Microsoft Bolsters CSP with Azure Reserved Instances
Microsoft released a new offering through its Cloud Solution Provider (CSP) program on Thursday that could help partners create more cost-effective Microsoft Azure solutions for customers willing to pay upfront.
Azure was already available through CSP, which is Microsoft’s program allowing partners to resell cloud services and other Microsoft products to customers on a subscription basis. The bulk of Microsoft and partner business in CSP is in Office 365, but Microsoft has been steadily adding other products and services to the mix.
Because pricing of Azure can be high for customers paying on an as-you-go, monthly basis, Microsoft in March unveiled an Azure Reserved Virtual Machine Instances (RI) option for companies purchasing predictable workloads. Azure RI is a one- or three-year pre-purchase of cloud compute resources, which can be scaled up with an additional payment or scaled down or cancelled with a refund as requirements evolve.
According to Microsoft, the total savings for virtual machines purchased through Azure RI can be as high as 72 percent. In many cases, the single upfront payment yields a lower, but still substantial, discount. In a simple example, according to Microsoft’s Azure calculator, a single Ubuntu Linux virtual machine D1 instance would cost $56.21 per month on a pay-as-you-go basis. Paid upfront for a year, the savings would amount to 31 percent, and paid upfront for three years, the savings would come to 56 percent, according to the calculator.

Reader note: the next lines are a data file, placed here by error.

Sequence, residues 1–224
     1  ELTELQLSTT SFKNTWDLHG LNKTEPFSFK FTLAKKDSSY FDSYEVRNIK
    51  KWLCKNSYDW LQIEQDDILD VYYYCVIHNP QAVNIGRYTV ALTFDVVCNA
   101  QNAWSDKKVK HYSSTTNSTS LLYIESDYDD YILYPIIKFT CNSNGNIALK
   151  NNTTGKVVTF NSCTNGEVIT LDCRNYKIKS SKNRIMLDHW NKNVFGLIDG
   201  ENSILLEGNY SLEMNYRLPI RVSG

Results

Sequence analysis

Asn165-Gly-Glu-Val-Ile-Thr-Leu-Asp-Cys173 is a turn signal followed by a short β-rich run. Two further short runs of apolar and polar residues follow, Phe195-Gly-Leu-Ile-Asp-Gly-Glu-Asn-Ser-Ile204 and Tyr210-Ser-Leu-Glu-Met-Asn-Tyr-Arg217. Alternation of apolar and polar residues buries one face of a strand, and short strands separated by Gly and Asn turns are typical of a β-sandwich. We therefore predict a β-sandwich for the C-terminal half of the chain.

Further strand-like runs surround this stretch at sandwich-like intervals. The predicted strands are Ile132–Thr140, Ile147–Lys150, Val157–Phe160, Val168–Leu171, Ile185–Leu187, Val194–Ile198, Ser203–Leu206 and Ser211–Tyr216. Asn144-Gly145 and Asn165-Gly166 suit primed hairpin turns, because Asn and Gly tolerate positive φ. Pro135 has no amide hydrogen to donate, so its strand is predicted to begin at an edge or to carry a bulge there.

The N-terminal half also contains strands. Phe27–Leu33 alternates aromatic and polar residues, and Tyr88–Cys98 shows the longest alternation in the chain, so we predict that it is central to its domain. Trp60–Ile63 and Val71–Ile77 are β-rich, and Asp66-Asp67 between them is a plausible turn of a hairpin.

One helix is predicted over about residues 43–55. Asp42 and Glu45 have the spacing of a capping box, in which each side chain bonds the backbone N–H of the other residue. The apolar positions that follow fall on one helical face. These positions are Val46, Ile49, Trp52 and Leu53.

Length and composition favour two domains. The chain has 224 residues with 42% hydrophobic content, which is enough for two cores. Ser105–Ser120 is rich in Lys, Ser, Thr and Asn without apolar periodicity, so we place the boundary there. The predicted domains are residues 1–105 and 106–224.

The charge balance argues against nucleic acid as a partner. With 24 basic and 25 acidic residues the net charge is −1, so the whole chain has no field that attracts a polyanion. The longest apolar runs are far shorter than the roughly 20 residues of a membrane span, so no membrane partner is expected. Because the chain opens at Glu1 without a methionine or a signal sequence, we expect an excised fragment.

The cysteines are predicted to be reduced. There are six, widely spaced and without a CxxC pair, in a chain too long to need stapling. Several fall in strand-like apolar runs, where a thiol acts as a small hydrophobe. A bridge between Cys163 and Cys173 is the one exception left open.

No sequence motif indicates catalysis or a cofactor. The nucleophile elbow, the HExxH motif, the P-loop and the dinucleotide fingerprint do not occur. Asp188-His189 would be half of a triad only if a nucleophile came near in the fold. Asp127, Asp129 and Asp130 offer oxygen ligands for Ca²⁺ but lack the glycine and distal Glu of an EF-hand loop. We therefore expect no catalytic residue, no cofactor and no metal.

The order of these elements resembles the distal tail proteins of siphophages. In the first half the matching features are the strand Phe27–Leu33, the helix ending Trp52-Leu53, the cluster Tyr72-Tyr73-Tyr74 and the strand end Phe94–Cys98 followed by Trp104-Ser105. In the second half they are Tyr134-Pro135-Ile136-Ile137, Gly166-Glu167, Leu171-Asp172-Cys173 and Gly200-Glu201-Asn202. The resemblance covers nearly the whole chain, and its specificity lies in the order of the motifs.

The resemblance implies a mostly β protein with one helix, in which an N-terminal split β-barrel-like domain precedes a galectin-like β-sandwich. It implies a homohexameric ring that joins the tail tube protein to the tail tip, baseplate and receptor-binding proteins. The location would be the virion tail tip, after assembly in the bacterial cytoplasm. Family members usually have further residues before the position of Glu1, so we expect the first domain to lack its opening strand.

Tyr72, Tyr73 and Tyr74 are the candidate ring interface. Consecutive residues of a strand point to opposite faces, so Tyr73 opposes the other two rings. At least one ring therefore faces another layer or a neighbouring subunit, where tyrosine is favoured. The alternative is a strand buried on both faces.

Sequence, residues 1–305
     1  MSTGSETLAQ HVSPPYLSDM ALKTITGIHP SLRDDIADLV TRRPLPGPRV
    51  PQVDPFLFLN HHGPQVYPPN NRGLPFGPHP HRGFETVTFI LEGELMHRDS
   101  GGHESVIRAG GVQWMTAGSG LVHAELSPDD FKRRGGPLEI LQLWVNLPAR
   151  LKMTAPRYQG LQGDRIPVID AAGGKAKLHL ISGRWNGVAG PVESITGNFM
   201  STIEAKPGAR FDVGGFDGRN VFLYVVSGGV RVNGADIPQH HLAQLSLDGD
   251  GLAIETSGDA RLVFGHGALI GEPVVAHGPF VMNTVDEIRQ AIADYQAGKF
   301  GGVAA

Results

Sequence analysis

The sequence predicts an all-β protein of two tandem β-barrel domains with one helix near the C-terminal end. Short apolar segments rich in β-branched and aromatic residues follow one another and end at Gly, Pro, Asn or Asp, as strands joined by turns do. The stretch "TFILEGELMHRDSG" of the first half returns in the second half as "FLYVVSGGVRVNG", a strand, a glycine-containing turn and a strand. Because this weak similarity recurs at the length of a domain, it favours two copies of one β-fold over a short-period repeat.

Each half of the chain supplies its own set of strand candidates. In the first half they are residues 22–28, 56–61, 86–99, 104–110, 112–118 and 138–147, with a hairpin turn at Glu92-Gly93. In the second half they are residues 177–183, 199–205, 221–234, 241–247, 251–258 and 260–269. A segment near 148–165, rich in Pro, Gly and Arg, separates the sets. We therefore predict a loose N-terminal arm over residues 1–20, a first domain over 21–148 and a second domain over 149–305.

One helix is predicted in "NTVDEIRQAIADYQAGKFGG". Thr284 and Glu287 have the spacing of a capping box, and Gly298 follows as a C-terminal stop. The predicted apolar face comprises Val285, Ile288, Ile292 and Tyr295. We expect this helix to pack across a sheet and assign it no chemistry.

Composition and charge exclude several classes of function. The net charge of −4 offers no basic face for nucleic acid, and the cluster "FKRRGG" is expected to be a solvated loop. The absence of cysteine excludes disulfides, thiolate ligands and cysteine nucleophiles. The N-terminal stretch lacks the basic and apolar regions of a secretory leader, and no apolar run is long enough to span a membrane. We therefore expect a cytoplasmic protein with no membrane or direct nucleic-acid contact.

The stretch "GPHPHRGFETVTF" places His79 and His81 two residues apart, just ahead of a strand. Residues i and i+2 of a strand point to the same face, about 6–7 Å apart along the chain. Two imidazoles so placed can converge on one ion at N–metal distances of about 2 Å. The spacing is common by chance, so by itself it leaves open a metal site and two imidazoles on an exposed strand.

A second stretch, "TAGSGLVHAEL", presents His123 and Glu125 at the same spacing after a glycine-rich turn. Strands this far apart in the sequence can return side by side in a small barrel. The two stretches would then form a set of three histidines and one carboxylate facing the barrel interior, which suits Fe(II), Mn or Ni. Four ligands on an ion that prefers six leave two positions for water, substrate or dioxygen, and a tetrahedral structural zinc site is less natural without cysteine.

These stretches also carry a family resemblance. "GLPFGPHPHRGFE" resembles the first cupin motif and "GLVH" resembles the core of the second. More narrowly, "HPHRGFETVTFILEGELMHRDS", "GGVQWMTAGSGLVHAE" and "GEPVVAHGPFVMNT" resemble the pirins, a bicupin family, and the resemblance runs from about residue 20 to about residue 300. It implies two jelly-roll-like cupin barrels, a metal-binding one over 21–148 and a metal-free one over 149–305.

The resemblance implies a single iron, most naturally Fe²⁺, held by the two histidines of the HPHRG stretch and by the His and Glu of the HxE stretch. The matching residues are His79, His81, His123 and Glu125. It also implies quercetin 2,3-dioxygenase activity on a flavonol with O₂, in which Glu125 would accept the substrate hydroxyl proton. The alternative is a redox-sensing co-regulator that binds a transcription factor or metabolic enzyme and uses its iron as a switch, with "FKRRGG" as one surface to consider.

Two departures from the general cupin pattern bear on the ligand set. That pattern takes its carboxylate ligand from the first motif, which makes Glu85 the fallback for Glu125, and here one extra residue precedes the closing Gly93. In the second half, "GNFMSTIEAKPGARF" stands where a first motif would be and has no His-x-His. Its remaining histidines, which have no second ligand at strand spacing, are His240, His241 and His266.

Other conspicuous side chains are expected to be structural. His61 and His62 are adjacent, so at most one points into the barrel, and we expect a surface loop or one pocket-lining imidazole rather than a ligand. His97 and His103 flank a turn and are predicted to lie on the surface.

In combination with a Software Assurance benefit called Azure Hybrid Benefits, the savings with Azure RI can top 82 percent in the most optimized scenarios.
Microsoft Channel Chief Gavriella Schuster on Thursday announced immediate availability of Azure RI through CSP. Schuster also said Windows Server and SQL Server would be coming to CSP later. That will allow cloud partners to provide Azure Hybrid Benefits through CSP, creating a more straightforward licensing scenario or avoiding the need to get another licensing partner involved in the transaction.
Posted by Scott Bekker on May 10, 2018 at 12:30 PM